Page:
1) Hear the gospel — for that is how faith comes (Rom. 10:17; John 20:30-31).
2) Believe in the deity of Jesus Christ (John 8:24; John 3:18).
3) Repent of sins.  For every accountable person has sinned (Romans 3:23; Romans 3:10), which causes one to be spiritually dead (Ephesians 2:1) and separated from God (Isaiah 59:1-2; Romans 6:23). Therefore, repentance of sin is necessary (Luke 13:5; Acts 17:30).  For whether the sin seems great or small, there will still be the same penalty for either (Matt. 12:36-37; 2 Cor. 5:10) — and even for a lie (Rev. 21:8).
4) Confess faith in Christ (Rom. 10:9-10; Acts 8:36-38).
5) Be baptized in water for the remission of sins (Mark 16:16; Acts 2:38; 22:16; Col. 2:12; 1 Pet. 3:21).  This is the final step that puts one into Christ (Gal. 3:26-27). And from that baptism, one is then raised as a new creature (2 Cor. 5:17), having all sins forgiven and beginning a new life as a Christian (Rom. 6:3-4). For the one being baptized does so “through faith in the working of God” (Col. 2:12). In other words, believing that God will keep His word and forgive after one submits to these necessary steps. And now as a Christian, we then need to…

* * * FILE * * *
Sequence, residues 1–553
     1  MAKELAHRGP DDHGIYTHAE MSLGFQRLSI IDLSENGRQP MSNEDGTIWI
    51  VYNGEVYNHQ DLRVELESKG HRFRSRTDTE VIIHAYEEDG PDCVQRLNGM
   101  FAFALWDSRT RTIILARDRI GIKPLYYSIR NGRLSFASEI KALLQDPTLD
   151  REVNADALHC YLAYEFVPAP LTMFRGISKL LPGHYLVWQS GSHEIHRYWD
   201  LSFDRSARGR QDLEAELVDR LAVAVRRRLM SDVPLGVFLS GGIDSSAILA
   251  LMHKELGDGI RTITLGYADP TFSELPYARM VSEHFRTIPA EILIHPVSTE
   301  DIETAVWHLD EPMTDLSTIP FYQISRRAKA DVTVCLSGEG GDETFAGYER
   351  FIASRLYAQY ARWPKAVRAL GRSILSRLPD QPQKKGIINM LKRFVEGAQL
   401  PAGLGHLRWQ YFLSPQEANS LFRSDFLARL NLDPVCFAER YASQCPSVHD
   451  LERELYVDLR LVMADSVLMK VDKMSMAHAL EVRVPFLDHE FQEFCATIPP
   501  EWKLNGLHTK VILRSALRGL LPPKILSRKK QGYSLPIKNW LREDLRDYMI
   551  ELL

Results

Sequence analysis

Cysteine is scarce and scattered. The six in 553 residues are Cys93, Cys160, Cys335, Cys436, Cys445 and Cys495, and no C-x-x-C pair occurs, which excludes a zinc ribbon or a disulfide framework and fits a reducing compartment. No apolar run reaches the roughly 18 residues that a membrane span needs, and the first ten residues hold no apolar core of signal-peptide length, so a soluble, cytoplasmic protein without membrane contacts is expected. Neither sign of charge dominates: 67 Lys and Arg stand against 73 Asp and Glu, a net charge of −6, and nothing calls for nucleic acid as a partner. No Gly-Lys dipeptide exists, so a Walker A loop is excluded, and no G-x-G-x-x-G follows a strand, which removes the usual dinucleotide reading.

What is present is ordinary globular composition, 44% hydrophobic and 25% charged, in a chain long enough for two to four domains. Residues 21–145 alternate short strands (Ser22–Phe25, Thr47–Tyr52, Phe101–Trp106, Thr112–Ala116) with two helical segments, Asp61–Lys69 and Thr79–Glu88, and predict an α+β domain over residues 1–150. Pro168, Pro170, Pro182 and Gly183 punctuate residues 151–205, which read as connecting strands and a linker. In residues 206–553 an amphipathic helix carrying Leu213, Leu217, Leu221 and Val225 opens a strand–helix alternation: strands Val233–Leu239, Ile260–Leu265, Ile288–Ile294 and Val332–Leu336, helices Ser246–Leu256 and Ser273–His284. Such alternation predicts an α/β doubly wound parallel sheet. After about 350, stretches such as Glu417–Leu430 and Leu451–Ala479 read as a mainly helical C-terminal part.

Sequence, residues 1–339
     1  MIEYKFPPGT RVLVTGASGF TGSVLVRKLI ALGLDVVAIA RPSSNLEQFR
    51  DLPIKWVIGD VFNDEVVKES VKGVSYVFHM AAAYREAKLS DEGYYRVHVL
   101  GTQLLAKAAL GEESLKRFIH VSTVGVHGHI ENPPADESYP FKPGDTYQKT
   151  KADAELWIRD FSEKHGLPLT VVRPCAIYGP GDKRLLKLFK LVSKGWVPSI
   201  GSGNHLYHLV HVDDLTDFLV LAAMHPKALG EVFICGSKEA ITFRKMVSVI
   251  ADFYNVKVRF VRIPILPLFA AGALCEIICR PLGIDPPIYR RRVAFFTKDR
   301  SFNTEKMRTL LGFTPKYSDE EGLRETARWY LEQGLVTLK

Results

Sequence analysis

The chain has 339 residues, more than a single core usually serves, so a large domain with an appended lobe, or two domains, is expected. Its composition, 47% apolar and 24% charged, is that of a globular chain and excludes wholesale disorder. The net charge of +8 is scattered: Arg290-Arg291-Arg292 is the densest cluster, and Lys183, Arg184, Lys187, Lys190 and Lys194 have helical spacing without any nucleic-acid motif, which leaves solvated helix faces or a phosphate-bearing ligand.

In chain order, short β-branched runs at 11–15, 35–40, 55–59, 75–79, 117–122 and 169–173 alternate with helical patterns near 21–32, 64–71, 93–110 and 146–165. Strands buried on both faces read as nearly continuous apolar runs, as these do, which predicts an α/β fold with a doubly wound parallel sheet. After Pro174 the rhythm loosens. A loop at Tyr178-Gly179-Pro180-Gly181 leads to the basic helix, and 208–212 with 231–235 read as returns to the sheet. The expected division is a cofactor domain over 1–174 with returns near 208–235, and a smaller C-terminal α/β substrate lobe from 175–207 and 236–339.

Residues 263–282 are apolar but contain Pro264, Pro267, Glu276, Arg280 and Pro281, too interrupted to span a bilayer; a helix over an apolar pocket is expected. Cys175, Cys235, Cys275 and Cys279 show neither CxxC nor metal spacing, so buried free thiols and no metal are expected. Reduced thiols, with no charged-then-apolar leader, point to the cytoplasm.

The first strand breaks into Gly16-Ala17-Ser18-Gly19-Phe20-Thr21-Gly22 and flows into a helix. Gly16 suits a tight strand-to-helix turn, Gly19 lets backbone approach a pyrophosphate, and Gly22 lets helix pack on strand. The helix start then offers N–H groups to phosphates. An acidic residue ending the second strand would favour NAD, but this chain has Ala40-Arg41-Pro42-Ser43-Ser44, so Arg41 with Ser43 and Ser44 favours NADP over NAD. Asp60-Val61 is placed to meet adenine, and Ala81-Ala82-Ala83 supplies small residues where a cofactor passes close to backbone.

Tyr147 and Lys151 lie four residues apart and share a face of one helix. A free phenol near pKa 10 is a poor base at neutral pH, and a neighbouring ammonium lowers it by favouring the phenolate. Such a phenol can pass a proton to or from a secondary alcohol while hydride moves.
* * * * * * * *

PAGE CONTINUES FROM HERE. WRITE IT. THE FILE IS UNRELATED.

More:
6) Continue in the faith by living for the Lord; for, if not, salvation can be lost (Matt. 24:13; Heb. 10:36-39; Rev. 2:10; 2 Pet. 2:20-22).

Tebeau Street
1402 Tebeau Street, Waycross, GA  31501

We are currently meeting for only our Sunday 10 a.m. worship service each week, due to the coronavirus situation.

Tom Edwards (912) 281-9917

https://thomastedwards.com/go/all.htm/ (older version of the Gospel Observer website, but with bulletins going back to March 4, 1990)